Monday, September 1, 2014

Update- Ebola Version

Our biggest news is the Ebola outbreak in Africa.  We have been watching as it spreads across Western Africa, staying aware of how close it approaches the Republic of Congo.

Map of the current outbreak in the DRC.  From Reigning in Life
On Sunday, August 24, we received reports of death from Ebola in the Equatorial Province of the Democratic Republic of Congo (across the river from us.)  This is a separate strain and separate outbreak of the Ebola virus than in Western Africa, and the virus was traced to someone preparing bushmeat.

We confirmed our evacuation plan with our team, and we have kept an eye on the situation.  The short version of our evacuation plan is that if the outbreak comes closer or grows significantly bigger, we would evacuate all non-medical personnel and short term people.  Then if things progress, the decision would be made to evacuate the medical personnel as well.  With the difficulty of travel to and from Impfondo, it was necessary to make sure we have the possibility of chartered flights for evacuation.

Part of our team evacuation plan is that everyone is free to make the decision to leave earlier if they believe that would be best for themselves and their family.  For some of our team, their mission has chosen to have them travel to Brazzaville- as soon as they can get commercial airline tickets.  However, they won’t just be waiting in Brazzaville.  They will help coordinate the efforts to set up an Ebola screening and response plan for Impfondo.

The border between the two Congos has been closed in this area.  The affected area has been placed under quarantine.   So far, there have been no significant changes with the outbreak in the DRC, and our family will be staying here in Impfondo.

Our hope is that the Ebola outbreak in the DRC will not spread here.  However, we are preparing for the potential spread.  Stephen has been meeting with government officials and other NGO’s in the area to talk about Ebola prevention and education.  The local officials are taking this very seriously.  There are plans to have public health campaigns, including announcements on the radio.  Dr. Cyriaque (medical school graduate from the CAR) was able to attend one of these meetings on Saturday when Stephen was busy with patients.  He came back with posters and information to place around the hospital.  It’s encouraging to us to see an African doctor taking an active roll here at the hospital.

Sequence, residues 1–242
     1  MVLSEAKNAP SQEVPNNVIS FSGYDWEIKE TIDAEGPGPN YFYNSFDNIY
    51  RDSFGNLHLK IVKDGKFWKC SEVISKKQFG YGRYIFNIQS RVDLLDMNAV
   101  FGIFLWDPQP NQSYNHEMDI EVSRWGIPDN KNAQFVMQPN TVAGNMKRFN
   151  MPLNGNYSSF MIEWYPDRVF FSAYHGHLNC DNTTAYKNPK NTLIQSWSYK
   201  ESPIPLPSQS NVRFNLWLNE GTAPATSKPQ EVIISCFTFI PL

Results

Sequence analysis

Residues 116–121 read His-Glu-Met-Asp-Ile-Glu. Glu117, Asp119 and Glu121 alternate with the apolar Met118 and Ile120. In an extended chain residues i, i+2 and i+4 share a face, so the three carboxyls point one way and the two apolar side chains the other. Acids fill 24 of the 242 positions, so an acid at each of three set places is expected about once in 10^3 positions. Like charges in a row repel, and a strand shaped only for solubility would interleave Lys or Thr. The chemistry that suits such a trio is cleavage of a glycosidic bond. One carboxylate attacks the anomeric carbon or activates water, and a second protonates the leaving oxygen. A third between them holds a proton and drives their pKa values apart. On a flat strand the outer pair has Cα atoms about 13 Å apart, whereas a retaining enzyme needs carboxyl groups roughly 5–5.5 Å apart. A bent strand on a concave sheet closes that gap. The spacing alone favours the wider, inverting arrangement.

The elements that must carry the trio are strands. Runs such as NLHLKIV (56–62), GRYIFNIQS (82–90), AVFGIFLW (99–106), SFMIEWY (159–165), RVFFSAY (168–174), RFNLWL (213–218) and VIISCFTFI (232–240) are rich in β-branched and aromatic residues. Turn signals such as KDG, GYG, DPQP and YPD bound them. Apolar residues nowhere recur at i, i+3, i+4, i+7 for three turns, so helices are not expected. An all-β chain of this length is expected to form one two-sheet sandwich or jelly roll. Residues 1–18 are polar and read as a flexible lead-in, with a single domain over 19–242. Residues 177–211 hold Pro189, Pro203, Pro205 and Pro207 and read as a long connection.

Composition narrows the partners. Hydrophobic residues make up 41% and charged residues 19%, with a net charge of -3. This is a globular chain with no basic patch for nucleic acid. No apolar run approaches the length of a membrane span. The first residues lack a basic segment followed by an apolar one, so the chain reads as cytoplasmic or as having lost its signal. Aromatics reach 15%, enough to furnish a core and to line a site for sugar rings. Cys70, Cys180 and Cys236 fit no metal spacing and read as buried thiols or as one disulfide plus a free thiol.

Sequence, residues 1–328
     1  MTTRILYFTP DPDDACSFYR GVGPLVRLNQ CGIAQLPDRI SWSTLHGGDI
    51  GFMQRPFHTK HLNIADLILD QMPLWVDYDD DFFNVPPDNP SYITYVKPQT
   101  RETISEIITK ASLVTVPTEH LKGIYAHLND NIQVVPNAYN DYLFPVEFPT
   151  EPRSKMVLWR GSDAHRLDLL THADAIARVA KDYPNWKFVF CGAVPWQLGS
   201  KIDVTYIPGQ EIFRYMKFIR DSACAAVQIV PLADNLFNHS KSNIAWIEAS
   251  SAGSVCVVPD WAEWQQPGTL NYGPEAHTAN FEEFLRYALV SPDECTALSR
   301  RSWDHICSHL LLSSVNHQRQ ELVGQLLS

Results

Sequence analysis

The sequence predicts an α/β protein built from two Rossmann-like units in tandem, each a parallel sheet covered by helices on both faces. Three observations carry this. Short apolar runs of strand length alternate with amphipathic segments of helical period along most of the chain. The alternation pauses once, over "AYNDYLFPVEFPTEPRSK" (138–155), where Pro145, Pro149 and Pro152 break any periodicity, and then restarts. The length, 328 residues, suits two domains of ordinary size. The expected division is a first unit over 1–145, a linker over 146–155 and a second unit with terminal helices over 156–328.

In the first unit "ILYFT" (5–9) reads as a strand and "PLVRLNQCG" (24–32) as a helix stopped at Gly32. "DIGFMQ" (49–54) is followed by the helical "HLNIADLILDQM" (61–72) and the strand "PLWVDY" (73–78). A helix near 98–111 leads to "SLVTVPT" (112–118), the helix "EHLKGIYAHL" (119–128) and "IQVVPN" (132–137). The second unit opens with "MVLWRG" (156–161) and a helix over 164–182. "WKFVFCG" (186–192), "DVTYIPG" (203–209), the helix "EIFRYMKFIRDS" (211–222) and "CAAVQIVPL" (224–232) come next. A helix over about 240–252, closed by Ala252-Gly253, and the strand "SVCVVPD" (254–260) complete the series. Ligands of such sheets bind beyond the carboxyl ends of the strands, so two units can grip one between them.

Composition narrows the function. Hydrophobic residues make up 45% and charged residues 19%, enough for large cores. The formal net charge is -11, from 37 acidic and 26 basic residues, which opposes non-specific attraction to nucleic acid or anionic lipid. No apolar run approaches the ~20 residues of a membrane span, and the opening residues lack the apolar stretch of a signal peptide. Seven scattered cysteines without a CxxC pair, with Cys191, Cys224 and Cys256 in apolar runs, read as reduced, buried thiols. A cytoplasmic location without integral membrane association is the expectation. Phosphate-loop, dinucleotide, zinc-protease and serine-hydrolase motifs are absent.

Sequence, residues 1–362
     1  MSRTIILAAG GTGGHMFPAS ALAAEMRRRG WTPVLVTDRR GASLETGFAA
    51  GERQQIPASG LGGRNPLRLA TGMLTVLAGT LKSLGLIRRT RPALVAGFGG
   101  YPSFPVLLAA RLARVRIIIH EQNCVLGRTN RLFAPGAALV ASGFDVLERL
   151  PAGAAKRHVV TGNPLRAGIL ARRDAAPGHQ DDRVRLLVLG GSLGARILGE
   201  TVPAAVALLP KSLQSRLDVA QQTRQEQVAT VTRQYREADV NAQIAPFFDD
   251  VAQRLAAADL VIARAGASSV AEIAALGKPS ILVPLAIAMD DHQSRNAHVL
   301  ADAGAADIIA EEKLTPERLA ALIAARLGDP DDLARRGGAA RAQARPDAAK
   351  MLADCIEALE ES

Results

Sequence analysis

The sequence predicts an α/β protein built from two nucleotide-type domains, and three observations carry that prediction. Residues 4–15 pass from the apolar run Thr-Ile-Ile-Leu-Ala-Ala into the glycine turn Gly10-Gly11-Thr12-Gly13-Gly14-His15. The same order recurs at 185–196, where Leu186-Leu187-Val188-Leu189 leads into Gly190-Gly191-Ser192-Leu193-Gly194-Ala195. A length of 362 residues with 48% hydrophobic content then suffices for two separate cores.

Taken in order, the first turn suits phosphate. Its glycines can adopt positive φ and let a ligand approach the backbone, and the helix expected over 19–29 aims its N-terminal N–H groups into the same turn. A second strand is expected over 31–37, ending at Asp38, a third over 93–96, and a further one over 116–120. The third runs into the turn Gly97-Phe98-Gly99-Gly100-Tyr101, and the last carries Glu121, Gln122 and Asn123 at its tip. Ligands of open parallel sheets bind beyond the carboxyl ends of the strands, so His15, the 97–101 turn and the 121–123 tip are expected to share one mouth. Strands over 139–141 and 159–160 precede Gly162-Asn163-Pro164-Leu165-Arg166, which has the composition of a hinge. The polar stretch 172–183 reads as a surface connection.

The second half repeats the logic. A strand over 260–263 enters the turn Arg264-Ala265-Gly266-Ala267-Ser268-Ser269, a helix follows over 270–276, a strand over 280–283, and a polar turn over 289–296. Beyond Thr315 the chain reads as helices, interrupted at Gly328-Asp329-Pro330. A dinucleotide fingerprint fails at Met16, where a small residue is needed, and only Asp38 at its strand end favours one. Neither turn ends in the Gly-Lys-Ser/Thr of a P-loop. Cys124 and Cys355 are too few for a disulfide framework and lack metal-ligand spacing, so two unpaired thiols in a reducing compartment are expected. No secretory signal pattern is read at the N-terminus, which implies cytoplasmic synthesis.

Stephen has been training our hospital guards how to do a screening at the gate, and have those with suspicious symptoms wait for a nurse to evaluate them rather than entering the general hospital area.  The nurses will have special training classes as well.

At this point, our hospital is not equipped or staffed to treat Ebola.  We do not want to put our nurses and other workers at risk if we do not have proper equipment.  The local government hospital will have isolation areas, and patients will be referred there.  Things could change if outside help arrives.  Pray for wisdom with all these decisions.

In the meantime, we are trying to keep life as normal as possible.  The kids start school tomorrow, and they are enjoying the last of their summer.  They are aware of the possibility of evacuation, and know that we would be temporarily separated from Stephen.  Having been through possible evacuations before, they take it all in stride.

Ebola is big news right now, but it is still much more likely for people in Africa to die from other causes- malaria, malnutrition, various infections, wars, other violence, tetanus, childbirth… the list goes on.  Please continue to pray for the victims of Ebola, but also the other people in Africa.  With many of the healthcare personnel withdrawing, it is even more difficult than usual to get access to healthcare.  There are attempts made to calculate the numbers who have died from Ebola, but there is no way to calculate the indirectly related deaths.

What’s next:
1) Pray for our teammates who are traveling to Brazzaville, hopefully this Wednesday, September 3.  There are many logistical details involved.

2) Stephen will be the only fully trained doctor here.  That is difficult at the best of times, and this is not the best of times.  We are grateful that Dr. Cyriaque can help, but he has not completed his training and still needs supervision. Pray for Stephen’s health and energy levels as he does medical work, as well as the extra work involved to prepare for a potential outbreak and a potential evacuation.

3) Our homeschool-ICI Academy- starts tomorrow. (September 2)

4) Nurses training and education will continue with the focus switching to preventing, recognizing, and treating Ebola.

5) We bought our tickets to go to Soddo Christian Hospital in Ethiopia for the month of November.  It’s hard to think that far ahead right now, but if all goes well, Stephen will spend November learning a type of orthopedic surgery.

6) Repatriation of people from the DRC has begun.  So far, it has not affected our employees.  Pray for those involved, and for those living with uncertainty.  The situation has been further complicated by the closing of the border between the countries in the area.